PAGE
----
With this, Pattinson transformed himself into an arthouse star, completely reinventing his image from the previous decade. And now, audiences are able to accept him as a leading man again in more populist affairs. His charming turn in Tenet and his upcoming The Batman prove that audiences are ready for Pattinson to grace their screens once again. Whatever image they had of him from Twilight is gone and he’s proven himself to be a good actor.


Kristen Stewart


Photo: Indiewire - Source


While Pattinson’s biggest role before Twilight was in a similarly young adult sensation, Harry Potter, Stewart entered the franchise with more serious street cred. She had already proven to be a rising star, working with David Fincher in Panic Room and was a part of the acclaimed ensemble of Into the Wild. But after Twilight, it seemed her momentum had screeched to a halt, with many unable to get over her affectations and mannerisms. Similarly, she retreated to smaller movies, finding great roles in Still Alice and Kelly Reichardt’s Certain Women. However, her most fruitful roles came with French filmmaker Oliver Assayas in Personal Shopper and Clouds of Sils Maria, the latter of which won her a National Society of Film Critics award, New York Film Critics Circle award, and the César award (the French version of the Oscars) for Best Supporting Actress.


Her work with auteur directors has shown off her acting skills and it seems the world is ready to accept her as a serious actor again. This year, she stars as Princess Diana in Pablo Larraín’s Spencer. Although it is still early in the Oscar season, Stewart is currently the frontrunner for winning Best Actress at the Oscars. Even if she doesn’t win, she will still most likely get nominated and finally get the recognition she deserves after years of great performances.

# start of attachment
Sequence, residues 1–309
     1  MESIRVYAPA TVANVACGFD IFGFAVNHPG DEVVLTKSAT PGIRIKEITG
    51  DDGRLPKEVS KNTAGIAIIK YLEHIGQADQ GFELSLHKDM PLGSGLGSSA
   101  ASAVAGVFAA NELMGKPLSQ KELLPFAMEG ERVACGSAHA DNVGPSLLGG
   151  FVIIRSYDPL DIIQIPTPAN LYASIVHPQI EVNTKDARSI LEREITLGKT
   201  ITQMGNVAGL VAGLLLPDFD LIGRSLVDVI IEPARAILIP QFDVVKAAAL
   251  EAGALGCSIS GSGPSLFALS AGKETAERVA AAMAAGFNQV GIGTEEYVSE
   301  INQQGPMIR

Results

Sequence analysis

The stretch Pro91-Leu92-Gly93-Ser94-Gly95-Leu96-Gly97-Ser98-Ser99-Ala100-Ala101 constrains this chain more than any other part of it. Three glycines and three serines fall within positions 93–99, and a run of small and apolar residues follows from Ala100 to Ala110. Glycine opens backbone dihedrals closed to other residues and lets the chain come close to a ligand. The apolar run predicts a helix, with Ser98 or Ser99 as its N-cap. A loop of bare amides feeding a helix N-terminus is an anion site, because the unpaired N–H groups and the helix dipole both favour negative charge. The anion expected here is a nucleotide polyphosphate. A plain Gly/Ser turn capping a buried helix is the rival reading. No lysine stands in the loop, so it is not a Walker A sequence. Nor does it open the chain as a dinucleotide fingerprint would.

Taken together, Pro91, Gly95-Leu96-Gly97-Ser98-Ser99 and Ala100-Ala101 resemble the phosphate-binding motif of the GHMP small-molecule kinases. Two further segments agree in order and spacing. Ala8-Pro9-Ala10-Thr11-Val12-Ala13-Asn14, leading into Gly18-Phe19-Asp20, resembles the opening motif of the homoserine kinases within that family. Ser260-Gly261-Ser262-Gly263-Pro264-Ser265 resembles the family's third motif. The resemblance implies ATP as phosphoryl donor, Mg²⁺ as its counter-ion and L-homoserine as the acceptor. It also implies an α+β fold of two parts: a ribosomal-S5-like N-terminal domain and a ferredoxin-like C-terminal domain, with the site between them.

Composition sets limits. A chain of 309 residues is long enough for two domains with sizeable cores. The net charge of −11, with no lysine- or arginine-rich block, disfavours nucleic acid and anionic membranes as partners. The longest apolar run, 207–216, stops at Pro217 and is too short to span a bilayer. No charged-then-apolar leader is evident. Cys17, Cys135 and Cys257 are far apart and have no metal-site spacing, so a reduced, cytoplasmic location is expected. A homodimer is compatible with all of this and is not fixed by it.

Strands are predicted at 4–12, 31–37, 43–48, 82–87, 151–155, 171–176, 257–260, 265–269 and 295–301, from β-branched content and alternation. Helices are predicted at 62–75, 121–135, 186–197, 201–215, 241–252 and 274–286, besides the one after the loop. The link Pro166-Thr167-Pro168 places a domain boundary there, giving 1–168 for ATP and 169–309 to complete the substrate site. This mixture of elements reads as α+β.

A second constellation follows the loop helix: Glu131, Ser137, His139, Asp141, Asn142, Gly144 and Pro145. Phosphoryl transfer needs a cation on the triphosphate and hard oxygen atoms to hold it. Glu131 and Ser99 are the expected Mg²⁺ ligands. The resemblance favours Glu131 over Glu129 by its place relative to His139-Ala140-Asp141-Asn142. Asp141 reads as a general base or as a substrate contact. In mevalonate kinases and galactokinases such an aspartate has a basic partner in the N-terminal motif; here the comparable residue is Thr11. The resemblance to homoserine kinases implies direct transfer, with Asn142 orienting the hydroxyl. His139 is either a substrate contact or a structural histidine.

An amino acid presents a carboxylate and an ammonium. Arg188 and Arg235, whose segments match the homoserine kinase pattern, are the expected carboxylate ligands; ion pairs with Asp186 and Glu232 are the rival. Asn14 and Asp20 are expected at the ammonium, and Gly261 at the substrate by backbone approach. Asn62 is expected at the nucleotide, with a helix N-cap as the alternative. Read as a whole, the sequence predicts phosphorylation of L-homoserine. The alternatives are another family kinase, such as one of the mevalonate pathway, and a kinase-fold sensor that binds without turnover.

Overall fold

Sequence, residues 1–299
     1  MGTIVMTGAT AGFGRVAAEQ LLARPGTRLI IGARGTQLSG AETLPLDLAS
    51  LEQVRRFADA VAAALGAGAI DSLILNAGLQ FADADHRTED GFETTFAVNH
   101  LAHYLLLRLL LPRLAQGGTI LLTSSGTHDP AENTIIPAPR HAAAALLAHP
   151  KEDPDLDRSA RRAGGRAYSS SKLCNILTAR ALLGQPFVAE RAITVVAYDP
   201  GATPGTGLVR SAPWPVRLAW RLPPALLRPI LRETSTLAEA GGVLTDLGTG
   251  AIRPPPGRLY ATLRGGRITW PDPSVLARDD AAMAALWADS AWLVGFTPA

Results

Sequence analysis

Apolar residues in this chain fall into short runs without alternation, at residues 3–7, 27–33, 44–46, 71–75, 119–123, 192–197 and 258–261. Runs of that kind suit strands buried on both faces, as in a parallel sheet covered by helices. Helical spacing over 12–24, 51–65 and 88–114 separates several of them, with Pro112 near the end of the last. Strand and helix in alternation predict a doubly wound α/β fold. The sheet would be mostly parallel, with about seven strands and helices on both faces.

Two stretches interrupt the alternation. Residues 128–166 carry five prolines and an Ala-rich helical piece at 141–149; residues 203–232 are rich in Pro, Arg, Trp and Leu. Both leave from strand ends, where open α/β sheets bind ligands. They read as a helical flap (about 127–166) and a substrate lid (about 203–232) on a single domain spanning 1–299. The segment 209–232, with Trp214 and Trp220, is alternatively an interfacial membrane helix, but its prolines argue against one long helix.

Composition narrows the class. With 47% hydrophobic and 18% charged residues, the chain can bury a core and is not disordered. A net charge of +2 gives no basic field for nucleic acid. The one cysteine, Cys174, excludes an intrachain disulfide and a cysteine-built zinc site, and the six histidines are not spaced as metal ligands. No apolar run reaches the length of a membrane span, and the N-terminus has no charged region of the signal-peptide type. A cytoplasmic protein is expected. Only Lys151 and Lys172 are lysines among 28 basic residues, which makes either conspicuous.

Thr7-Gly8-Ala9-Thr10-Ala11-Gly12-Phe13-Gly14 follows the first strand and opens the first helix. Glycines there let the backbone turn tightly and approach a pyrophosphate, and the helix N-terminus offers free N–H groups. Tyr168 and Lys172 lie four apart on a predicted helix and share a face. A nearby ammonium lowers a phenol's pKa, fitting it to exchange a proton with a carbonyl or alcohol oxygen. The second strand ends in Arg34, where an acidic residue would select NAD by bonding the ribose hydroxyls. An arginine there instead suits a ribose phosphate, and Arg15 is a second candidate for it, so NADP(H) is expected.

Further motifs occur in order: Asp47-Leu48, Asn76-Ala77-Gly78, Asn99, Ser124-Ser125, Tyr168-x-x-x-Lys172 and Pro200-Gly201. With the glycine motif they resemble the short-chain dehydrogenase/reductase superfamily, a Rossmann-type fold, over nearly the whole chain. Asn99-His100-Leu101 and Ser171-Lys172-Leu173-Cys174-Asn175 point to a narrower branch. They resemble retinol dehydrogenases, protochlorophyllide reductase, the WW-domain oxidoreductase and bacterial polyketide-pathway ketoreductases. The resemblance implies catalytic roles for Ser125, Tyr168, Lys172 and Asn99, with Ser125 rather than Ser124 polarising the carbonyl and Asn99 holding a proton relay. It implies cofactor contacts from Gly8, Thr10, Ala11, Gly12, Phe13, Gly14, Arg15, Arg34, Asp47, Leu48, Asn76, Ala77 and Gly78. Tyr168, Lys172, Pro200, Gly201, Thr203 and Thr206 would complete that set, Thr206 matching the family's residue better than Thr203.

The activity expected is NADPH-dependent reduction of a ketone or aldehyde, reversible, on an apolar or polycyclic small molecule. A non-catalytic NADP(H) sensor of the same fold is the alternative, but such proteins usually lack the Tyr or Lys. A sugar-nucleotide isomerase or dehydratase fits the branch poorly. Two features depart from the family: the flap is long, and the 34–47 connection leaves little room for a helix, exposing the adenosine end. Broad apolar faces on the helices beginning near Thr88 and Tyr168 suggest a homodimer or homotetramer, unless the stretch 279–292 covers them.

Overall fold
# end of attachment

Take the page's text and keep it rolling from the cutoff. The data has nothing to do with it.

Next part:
Photo: Today - Source


Like Leo before them, it seems it is a right of passage for people who starred in hugely popular but critically divisive films to have to earn their respect. They all are burdened with their success and have to go through their own redemption arc to be considered “good” again, even if they were good to begin with.


We can also see this taking place with Dakota Johnson and Jamie Dornan, who were in a similar situation after Fifty Shades of Darkness, and the inklings of their “Hey, they might actually be good” reclamation project is starting. Dakota Johnson, arguably one of the most fascinating talk show guests, has been great in arthouse movies like A Bigger Splash and Suspiria and charming in more populist movies like her romcom The High Note. And Jamie Dornan is getting great looks in Belfast, which premiered at Toronto International Film Festival this year, and could very well get a nomination of his own for his performance.


This is the cost of massive success. Saddled with an early project too popular for their own good, these actors had to spend a decade of their career proving to the world that they are good and deserve to be in movies in a way that no one ever does. They were always good, but they needed to prove it. Robert Pattinson and Kristen Stewart have more than shown off their talents and can finally get the respect they deserve.